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Gary Stevens

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About Gary Stevens

  • Rank
    2013 Single Stack Super Senior National Champion
  • Birthday 08/12/1947

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  • Gender
  • Location
    Olive Hill. Kentucky
  • Interests
    IPSC, general gun enthusiast
  • Real Name
    Gary Stevens

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  1. The question has been asked a couple of times with no answer, what would you do? Fair question, deserves an answer.
  2. Lawyer to defendant "so MR. Smith explain to the jury why you felt having someone walk on a treadmill while discharging a deadly weapon, resulting in the death of MR. Jones was a good idea."
  3. The most important things are durable and consistent. How will it work in the rain, heat, cold, wind, etc. How will it work through multiple shooters who are not known for gentle prop usage. Many years ago I was running a nationals stage called Walt's Garage. Half way through the match the garage door motor blew up and cost us 4 hours downtime replacing it. The next day I had to run the scheduled shooters plus a half days shooters from the day before. Additionally the push button that activated the garage door had to be replaced every four squads. Gee whiz stages look good on paper but often turn into mega clusters. You don't need gee whiz to design a challenging stage.
  4. WOW, this works really well. Let's change it.
  5. IMO, a popper is simply a piece of steel that needs to be knocked down. Most popper issues are preventable. Having a squad stand around waiting on an RM to get there, RM calls can come in multiples, can severely screw up a match. Enough of them can cause a ripple effect that runs throughout the match. My my opinion based on 40 years of experience is set your poppers as light as you can get them to stand up. Keep an eye on them and correct problems before they arise. Trying to run a 125 shooters or more, a day through a match is difficult enough. Causing yourself unnecessary problems should be avoided.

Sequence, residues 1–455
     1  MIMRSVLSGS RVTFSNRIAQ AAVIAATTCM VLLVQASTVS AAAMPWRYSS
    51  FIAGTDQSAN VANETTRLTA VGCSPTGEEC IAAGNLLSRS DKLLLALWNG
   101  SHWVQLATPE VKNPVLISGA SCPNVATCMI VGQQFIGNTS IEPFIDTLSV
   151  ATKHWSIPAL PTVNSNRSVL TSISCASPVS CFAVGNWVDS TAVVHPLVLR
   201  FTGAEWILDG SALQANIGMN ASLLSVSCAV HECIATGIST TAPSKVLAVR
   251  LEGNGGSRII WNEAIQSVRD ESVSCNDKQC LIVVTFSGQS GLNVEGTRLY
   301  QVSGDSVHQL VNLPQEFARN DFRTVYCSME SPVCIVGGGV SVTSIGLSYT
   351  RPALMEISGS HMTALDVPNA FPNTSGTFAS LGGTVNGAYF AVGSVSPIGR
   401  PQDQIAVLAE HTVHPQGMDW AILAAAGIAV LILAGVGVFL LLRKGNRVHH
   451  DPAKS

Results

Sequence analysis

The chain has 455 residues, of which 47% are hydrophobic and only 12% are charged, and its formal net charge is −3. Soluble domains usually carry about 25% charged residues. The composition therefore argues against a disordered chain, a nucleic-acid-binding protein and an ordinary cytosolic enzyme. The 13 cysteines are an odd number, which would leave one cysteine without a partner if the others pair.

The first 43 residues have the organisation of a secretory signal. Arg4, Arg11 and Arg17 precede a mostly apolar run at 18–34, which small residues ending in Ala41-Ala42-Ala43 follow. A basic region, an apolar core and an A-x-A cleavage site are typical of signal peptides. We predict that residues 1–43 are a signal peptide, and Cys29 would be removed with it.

6. You are 100 percent correct, good for you. I just try to help them out in case in the heat of the moment they overlooked something. Heat, cold, rain, etc. can cause us all to become imperfect humans at times.
  7. During the walk thru I walk around any poppers and look at them. Is there an excessive lean in it, we all know how a popper looks when it is too far forward. Are the lock nuts backed out? Any thing else that looks strange. If I see something I point it out to the CRO. i was shooting Production in South Carolina once. While looking at the poppers I noticed one that was leaning way forward. It had settled in the sandy soil. I pointed it out to the CRO and requested a calibration. The RM was called, popper failed the calibration, they fixed it, and I then shot the course. Problem solved before it reared its ugly head.
  8. Personally I think FTSA penalties in a multistring stage is something that should be eliminated.
  9. Position power allows for those in that position to make decisions. Position power does not guarantee that those decisions will be correct.
  10. If it couldn't be cleared, I've always escorted the shooter to their vehicle where it was safely secured. Problem solved.
  11. I think equipment evolution takes some time to develop. I can't list all the equipment that once was considered a joke, now is in common use.
  12. If you are finished unload and show clear. Call RM who will inspect the popper, without disturbing it, and check the calibration. If it falls scored as shot. If it fails to fall reshoot.
  13. Enforce the rules but at the same time treat shooters the way you would like to be treated.
  14. That's one reason I kept my Iron sights.
  15. We try to employ the belt and suspenders model when it comes to safety. If you don't allow the gun to break the 180, but you have your finger on the trigger and AD then no blood. If you do allow the gun to break the 180, but you do not have your finger on the trigger, then no AD and no blood. It normally takes two or more violations of the basic safety rules to have a real problem. I think that no one has been hurt due to a 180 break is a testimony to our safety regiment.
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